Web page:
Getting a tan is perhaps one of the more popular Australian passtimes during summer despite the fact that we are now more than ever aware of the risks and dangers associated with doing so. Not only do us Aussies love to be outdoors but we love to chase the sun when we are overseas on holidays also.
More often than not, we are diligent with our slip slop slap routine and make sure to apply adequate sun screen protection before going out in the sun. There are times however for one reason or the other, that we forget to, or we run out of supply and stay out in the sun a little more than we should. This article will give you some hints and tips to repair, heal and revive your skin after excess summer sun and describe some common skin reactions that can occur due to excess sun exposure.
Your reactions to sun will depend on many factors:
There are various factors that will determine how careful you need to be in the sun. These include skin type, duration of time with exposed skin, whether or not you plan on being in the water, climate and location and also type of protection used.
Where do you sit on the Fitzpatrick scale? Do you have fair skin that burns easily and rarely tans? Or do you have an olive complexion which tans easily and rarely burns? If you are unsure, we have written an article which can be found here describing the different skin types in detail.
Generally speaking, the darker your complexion, the more sun you can handle before becoming burnt. The reason for this is that the melanocytes in darker skin types are more suited to absorbing the sun’s rays. If you have very light and fair skin, you will need to be much more diligent with your skin care and sun protection routine and ensure you are wearing a SPF 50+ Sunscreen as well as protective clothing such as a hat, sunglasses and even covering yourself to some extent.
Duration of sun exposure
Common sense should apply here; If you are intending to be out in the sun for less than 30 minutes, you will most likely not need to be concerned with possible sun damage from over exposure. Having said that, in times of extreme hot weather even 30 minutes of consistent sun exposure is all you need to create red, inflamed and burnt skin. When in doubt always exercise caution. If you are going to be out in the sun for most of the day, you need to ensure you are adequately hydrated first and foremost and always reapply your sun protection cream every 3-4 hours consistently; more-so if you are going to be in and out of the water despite that some creams claim to be water resistant.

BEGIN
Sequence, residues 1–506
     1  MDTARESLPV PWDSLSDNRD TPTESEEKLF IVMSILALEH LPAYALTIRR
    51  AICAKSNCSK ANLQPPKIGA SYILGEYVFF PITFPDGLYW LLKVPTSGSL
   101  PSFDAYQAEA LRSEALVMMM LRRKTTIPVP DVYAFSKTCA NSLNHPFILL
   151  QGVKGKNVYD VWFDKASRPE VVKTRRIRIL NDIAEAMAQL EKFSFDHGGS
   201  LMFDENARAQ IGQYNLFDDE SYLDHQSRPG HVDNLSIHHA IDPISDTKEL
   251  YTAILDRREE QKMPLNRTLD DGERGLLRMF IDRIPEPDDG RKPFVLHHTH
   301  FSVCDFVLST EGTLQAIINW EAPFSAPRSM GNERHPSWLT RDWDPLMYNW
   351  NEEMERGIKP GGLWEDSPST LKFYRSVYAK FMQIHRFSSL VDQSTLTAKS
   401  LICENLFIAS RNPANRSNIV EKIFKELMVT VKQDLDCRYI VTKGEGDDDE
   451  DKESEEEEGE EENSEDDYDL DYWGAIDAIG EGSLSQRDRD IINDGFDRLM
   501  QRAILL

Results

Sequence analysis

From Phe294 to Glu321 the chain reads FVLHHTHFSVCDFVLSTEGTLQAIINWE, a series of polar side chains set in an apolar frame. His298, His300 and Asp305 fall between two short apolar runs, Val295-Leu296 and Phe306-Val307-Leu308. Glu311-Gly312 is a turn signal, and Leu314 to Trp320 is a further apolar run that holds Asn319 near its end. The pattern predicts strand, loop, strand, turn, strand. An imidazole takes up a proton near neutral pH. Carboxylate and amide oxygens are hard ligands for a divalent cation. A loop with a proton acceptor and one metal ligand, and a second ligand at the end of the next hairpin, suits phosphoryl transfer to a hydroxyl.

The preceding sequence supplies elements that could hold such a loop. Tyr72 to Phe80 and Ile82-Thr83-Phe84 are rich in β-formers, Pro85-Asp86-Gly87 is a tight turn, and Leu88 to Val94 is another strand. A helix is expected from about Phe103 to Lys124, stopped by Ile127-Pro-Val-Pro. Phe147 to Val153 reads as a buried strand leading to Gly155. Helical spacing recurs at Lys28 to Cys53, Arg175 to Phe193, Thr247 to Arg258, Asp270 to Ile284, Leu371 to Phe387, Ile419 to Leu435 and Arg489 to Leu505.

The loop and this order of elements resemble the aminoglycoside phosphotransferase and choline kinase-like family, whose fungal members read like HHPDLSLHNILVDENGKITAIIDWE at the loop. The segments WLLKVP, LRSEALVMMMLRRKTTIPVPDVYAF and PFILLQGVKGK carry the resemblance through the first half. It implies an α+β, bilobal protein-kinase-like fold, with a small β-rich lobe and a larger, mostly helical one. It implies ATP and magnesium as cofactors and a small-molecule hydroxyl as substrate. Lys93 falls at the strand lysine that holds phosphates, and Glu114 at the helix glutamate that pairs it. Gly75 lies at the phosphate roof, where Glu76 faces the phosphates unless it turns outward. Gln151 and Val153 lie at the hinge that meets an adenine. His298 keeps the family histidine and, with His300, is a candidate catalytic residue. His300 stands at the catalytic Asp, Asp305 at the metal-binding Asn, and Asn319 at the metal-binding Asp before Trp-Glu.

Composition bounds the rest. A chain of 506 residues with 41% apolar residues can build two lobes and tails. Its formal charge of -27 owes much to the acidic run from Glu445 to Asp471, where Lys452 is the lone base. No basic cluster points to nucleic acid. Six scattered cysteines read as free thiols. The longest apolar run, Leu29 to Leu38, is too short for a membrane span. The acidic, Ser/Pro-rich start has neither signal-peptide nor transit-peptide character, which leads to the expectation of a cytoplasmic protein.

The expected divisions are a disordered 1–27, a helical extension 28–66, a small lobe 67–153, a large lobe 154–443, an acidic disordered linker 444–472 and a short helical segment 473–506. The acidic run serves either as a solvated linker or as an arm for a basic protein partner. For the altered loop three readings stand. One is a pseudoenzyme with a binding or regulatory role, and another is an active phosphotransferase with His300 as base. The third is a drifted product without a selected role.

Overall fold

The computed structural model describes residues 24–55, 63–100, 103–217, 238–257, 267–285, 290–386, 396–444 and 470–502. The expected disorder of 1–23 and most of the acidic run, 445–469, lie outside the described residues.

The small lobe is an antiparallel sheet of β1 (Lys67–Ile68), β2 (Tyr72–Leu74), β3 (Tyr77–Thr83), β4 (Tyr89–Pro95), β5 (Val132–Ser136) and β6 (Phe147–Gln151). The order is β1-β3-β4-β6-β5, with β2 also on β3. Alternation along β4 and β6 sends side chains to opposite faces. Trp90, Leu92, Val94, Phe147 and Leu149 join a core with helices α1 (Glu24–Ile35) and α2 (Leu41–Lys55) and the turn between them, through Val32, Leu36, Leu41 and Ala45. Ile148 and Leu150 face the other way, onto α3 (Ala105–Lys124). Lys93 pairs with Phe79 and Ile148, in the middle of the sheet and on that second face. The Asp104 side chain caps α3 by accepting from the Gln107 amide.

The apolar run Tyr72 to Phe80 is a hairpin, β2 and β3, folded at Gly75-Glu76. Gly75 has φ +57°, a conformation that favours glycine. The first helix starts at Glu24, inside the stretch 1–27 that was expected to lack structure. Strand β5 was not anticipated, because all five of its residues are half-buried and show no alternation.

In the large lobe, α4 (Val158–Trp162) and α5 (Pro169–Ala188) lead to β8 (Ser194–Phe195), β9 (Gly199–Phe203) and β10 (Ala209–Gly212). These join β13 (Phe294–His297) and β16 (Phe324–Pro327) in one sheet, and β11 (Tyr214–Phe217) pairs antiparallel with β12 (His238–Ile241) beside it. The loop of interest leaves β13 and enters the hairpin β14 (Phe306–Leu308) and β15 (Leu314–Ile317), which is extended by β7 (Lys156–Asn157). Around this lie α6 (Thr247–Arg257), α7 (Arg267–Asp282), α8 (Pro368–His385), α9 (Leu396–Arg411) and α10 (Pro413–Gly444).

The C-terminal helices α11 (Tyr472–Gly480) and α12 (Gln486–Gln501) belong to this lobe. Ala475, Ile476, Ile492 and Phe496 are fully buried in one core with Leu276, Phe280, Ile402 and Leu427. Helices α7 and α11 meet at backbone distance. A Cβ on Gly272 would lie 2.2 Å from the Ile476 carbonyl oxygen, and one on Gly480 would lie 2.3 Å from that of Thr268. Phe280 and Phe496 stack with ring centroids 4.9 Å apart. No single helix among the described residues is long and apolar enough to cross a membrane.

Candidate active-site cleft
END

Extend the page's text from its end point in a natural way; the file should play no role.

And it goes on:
Despite many label claims of sun screens being water resistant, it is always best to re-apply after entering the water. The reason is that there is just no way of ensuring that the sun screen has fully absorbed into the skin and has not been washed out of the pores with constant water exposure. In any event, exercise caution as it is always best to re-apply and be covered.
Climate and Location
In Australia we can have some of the harshest weather conditions and aggressive sun rays. It is true however that even with overcast weather that appears cloudy, the sun is still able to penetrate and cause damage to our skin. If you are travelling this summer to a location that is not as hot and harsh as ours, still continue with your sun protection as you would normally.
Type of protection used
Always use a quality sun screen from a reputable brand you trust. If you are not concerned about sun damage to your skin, you may opt for a lower grade protection rating (Under SPF 30+ for example in order to tan quicker) however we always recommend the highest grade protection (SPF 50+) in order to avoid damage in the first place; remember it is always better and easier to prevent sun damage for your skin than it is for us to fix it!